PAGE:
World’s best ads ever #1: the Honda spot that started a chain reaction
We asked our readers to vote for their favorite commercials of all time. Top creatives from the World Creative Rankings and The Drum’s Judges’ Club then ranked the ads. Now, we bring you the definitive 100 best TV and video ads of all time.
‘Isn’t it nice when things just work?” is the closing line in Honda’s now iconic 2003 ad ‘Cog’, a two-minute deep dive into the inner workings of its Accord model that captures the attention of the viewer – even one that knows nothing about cars.
In ‘Cog’, the roll of a transmission bearing triggers the chain reaction, where the sum of the car’s parts click, whirr and crash into place, to eventually form the Accord, which drives away to the opening beats of The Sugarhill Gang’s Rapper’s Delight (not the first ad on this list to feature the track).
Wieden + Kennedy, the brains behind the operation, has said that when Honda approached the agency it was due to the brand’s lack of emotion and meaning in its identity, and that it made “good, reliable products, but the marque was not desirable”.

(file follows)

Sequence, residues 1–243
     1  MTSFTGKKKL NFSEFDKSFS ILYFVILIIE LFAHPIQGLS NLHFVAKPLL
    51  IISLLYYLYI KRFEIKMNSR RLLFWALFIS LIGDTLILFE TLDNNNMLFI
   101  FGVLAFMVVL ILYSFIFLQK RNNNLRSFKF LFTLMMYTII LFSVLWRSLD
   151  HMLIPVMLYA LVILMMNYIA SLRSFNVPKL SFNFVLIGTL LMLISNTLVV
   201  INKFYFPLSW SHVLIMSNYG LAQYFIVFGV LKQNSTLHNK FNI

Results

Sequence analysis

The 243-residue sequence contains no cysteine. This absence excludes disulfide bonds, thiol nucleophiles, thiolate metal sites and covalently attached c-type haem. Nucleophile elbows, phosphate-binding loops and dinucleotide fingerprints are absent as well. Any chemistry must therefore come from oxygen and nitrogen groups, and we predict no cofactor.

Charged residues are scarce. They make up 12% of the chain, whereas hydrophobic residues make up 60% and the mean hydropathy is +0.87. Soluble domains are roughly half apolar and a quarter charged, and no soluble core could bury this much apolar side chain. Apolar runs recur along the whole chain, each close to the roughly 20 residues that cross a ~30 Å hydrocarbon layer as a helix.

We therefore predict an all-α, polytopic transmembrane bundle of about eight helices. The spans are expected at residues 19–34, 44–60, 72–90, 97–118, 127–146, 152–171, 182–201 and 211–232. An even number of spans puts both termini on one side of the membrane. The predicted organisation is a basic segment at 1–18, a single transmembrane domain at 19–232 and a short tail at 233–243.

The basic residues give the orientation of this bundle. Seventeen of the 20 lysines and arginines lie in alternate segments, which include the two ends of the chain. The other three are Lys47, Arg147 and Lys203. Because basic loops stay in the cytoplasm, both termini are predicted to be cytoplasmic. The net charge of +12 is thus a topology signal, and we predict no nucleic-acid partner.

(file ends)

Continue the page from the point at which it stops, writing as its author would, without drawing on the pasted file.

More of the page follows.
The agency set about investigating the heritage of the company, which prides itself on the technical expertise and skill that goes into making its machines, and this is where the chain reaction began.
Two Accords where delivered to the agency’s studios, where creative director Matt Gooden and copywriter Ben Walker set about sketching up the sequence to ensure it was even possible.
Although it appears to be shot in one take, it is in fact composed of two hidden takes – due to the length of the sequence, it would have required a larger studio than budget would allow. Allegedly, as the shoot approached, Honda kept updating its requests to the creatives to include particular car parts or features it was keen to demonstrate, such as wipers that switch on automatically when water hits the windscreen.
It eventually took 60 takes over three days to wrap up the shoot, as the team wanted as little as possible to be fixed in post-production. The spot concludes with Garrison Keillor’s voiceover and the iconic strapline.
It only aired a handful of times in April 2003 – although that did include premium spots during major sporting events such as the Brazilian Grand Prix – but the reaction to the spot was instant, winning W+K a hoard of industry awards.
The spot was revived as recently as 2020, during the pandemic, when ITV got viewers involved in recreating five iconic ads from their homes in lockdown. Entrants used household items such as chairs, tables and toilet roll, and food such as tins, eggs and pasta, to recreate the spot – which, like its strapline suggests, just works.